• “Acid is an appropriate metaphor for the erosion of my fundamentalism, as I slowly lost confidence in the Genesis story of creation and the scientific creationism that placed this ancient story within the framework of modern science….[Darwin’s] acid dissolved Adam and Eve; it ate through the Garden of Eden; it destroyed the historicity of the events of creation week. It etched holes in those parts of Christianity connected to the stories—the fall, “Christ as the second Adam,” the origins of sin, and nearly everything else that I counted sacred.”

However, Giberson reassured his readers that Darwin’s acid would go no further. However, several years later, it is apparent that the Darwinian leaven didn’t stop where he intended that it would. He writes:

“In “The God Delusion” [evolutionist and atheist Richard] Dawkins eloquently skewers the tyrannical anthropomorphic deity of the Old Testament—the God that supposedly commanded the Jews to go on genocidal rampages and who occasionally went on his own rampages, flooding the planet or raining fire and brimstone on wicked cities. BUT WHO BELIEVES IN THIS DEITY ANY MORE, besides those same fundamentalists who think the earth is 10,000 years old? Modern theology has moved past this view of God.”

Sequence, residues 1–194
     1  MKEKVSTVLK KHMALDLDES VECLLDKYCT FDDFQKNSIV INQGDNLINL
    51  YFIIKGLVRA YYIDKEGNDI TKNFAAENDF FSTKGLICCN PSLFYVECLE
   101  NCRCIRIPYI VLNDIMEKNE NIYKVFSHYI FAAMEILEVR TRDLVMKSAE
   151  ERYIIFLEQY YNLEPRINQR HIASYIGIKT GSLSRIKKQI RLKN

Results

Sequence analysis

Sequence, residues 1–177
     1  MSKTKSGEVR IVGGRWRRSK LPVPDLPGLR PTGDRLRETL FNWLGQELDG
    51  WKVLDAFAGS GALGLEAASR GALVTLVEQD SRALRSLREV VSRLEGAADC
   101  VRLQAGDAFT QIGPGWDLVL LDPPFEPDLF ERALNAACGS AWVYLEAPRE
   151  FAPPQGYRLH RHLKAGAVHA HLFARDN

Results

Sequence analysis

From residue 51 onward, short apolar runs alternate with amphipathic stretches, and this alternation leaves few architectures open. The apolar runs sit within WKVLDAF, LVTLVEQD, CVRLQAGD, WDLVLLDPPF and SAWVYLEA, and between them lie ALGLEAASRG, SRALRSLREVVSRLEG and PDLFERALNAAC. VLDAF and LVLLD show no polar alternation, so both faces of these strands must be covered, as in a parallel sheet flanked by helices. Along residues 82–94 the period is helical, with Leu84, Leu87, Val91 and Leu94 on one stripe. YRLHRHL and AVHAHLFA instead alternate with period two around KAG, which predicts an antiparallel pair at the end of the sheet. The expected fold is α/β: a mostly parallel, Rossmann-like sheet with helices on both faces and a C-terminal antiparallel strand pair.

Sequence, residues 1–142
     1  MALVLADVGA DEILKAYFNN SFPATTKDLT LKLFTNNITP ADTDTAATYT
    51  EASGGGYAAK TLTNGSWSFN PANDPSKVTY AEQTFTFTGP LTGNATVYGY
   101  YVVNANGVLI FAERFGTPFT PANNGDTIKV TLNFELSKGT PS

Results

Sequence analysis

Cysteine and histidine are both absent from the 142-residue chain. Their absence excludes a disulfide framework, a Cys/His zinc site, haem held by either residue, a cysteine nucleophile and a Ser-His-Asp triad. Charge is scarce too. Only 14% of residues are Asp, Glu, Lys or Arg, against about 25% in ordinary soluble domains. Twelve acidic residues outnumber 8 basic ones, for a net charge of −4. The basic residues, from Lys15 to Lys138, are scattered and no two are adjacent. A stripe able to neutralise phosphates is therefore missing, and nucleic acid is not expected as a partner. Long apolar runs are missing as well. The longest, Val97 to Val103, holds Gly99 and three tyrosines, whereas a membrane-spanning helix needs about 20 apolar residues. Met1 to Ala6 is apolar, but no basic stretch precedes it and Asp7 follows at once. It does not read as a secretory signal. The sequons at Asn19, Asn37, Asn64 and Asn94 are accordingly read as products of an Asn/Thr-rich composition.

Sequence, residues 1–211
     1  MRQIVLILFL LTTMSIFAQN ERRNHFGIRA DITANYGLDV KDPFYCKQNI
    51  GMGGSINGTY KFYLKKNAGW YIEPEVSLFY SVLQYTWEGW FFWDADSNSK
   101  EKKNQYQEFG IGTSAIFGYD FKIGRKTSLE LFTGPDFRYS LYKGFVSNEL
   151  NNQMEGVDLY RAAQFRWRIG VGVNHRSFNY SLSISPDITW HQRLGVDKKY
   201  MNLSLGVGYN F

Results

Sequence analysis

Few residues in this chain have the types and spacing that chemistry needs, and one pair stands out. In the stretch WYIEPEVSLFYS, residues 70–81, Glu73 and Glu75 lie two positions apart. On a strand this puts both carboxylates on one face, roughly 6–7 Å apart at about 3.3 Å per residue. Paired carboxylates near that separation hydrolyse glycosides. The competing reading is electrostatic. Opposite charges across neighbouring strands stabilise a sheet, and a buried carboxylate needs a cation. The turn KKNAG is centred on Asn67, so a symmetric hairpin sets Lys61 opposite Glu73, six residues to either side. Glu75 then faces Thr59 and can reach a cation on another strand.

It therefore makes a lot of sense that the Bible teaches us to bring all of our thoughts into conformity with the Gospel (2 Cor. 10:4-5). A little bad teaching can corrupt everything else (Gal. 5:9). If we don’t take these thoughts captive, they will surely take us captive. Our thoughts can support our faith or battle against it, but they will not sit quickly at the sidelines.

Mind and heart must be in agreement.
Jesus taught that a kingdom divided against itself cannot stand. If our heart is telling us one thing and our mind is preaching another message, we will live in conflict.

Our mind forms a necessary protective shield around our tender heart. For instance, many experienced a failure in faith after having read Dan Brown’s DaVinci Code. The world of God was no longer trustworthy. However, through the efforts of many able apologists, many a doubting mind was fortified with facts, and faith was restored.